Vacunación de niños, Vicente Borrás Abella (1900) / Public domain
“Vaccine hesitancy” is an emerging and complex phenomenon which requires effective leadership from the public health authorities. It has become necessary for Administrations on an international and national level to deal with this public health challenge.
There is some confusion among citizens regarding the definition of what is medicine based on knowledge and scientific evidence, and what is not. There are many people who believe that some so-called natural treatments intended for health purposes are effective despite not being backed up with knowledge or scientific evidence to support their efficacy and safety. This breeding ground has fed the phenomena of “vaccine hesitancy”.
Pseudo therapies involve a real risk that has a direct influence on the protection and restoration of health. It is shown that these therapies favour the delay or replacement of conventional treatments (such as vaccines). This puts the health of the population at serious risk. This is even more critical when it affects minors (for example school children).
In this respect, I would like to present a leading case that opened a legal, ethical and political debate in Spain on the right to health and “vaccine hesitancy”, not only from an individual perspective but also from a collective perspective. This case occurred in 2010 in a state school in a neighbourhood of Granada (Spain). Dozens of schoolchildren contracted measles due to the refusal of some parents to immunize their children. They chose instead to use “natural” methods to protect their children’s immune system.
Vaccination of minors is not mandatory in Spain: with recommended systematic vaccination schedules, there are high rates of immunization (herd immunity). But when these levels decline, it leads to a real risk of contagion and, therefore, a true epidemic risk for the school community in a territorial area. As a result, making vaccination obligatory can be an ethical and constitutionally acceptable option.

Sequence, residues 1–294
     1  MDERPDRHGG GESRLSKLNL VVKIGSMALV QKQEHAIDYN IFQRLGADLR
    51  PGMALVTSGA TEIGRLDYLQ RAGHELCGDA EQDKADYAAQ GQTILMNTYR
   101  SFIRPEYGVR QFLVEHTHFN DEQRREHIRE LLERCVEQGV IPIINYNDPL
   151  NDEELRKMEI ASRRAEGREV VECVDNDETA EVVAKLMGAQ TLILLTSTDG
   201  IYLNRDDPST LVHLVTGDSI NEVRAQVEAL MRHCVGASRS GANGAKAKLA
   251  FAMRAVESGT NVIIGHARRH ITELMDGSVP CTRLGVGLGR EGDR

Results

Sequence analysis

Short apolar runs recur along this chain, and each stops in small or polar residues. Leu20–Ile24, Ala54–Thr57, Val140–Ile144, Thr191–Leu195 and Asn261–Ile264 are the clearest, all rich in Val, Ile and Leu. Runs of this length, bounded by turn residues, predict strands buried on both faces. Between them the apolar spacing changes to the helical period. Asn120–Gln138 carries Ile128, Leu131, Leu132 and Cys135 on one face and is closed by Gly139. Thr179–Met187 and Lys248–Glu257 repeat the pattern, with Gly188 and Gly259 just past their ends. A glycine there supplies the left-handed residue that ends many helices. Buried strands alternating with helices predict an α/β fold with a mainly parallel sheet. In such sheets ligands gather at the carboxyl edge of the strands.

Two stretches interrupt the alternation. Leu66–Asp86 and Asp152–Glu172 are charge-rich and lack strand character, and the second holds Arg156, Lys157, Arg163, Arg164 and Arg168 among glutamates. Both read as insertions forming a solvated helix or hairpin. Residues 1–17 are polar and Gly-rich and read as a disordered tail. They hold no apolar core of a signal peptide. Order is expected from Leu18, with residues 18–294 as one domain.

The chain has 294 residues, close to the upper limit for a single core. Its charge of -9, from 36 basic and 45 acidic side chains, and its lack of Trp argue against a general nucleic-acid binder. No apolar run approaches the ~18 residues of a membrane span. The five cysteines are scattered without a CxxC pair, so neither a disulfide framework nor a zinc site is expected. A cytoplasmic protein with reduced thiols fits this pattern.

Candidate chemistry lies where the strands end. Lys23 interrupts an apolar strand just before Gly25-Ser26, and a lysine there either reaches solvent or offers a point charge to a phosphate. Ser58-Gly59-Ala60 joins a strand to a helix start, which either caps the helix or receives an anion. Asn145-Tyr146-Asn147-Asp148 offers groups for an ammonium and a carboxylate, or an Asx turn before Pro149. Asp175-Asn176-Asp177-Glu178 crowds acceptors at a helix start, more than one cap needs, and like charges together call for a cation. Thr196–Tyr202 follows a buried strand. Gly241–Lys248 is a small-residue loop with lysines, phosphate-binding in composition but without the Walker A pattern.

In this case, school children’s right to health protection prevailed over their right to physical integrity. Following the request by the Health Administration to adopt measures to curb the epidemic outbreak, a judge had to order the forced vaccination. (See the Judgment of November 24, 2010, of the Contentious-Administrative Court, no. 5, from Granada, confirmed by Judgment of July 22, 2013, of the Superior Court of Justice of Andalusia, Contentious-Administrative Chamber, Granada)
Only a judge was able to enforce this vaccination. The judge’s decision was made after considering that there was a clear threat to public health, of which the Administration had warned, and it was serious enough to require the restriction of the school children’s right to physical integrity (had this not been the case, mandatory vaccination would not necessarily apply), as well as the parents’ freedom of choice (free will) while at the same time ruling out any possible medical side effects for these minors.
This case is the first, since the Spanish Constitution came into force (1978), that directly addresses mandatory vaccination and it clearly shows how the Spanish judicial process interprets human rights standards when facing the control of infectious disease, in particular, when the health of the vulnerable population (in this case minors) is in danger.
1. José Francisco Alenza García, ‘La vacunación obligatoria de los ciudadanos y el deber de vacunar de la Administración’ in José Francisco Alenza García & María Luisa Arcos Vieira (eds.), Nuevas perspectivas jurídico-éticas en Derecho sanitario (Thomson Reuters Aranzadi, 2013).
2. Juan Luis Beltrán Aguirre, ‘Vacunas obligatorias y recomendadas: régimen legal y derechos afectados’ (2012) 22, 1 Derecho y Salud 5.
3. César Cierco Seira, ‘De la vacunación y el derecho administrativo’ (2018) 193 Revista Española de Derecho Administrativo 9.
4. Nuria Garrido Cuenca, ‘Political and regulatory key factors of transparency and independence in terms of vaccination in Spain: Information, participation and lobbies’ (2017) 19, 1-2 Pharmaceuticals Policy and Law 103.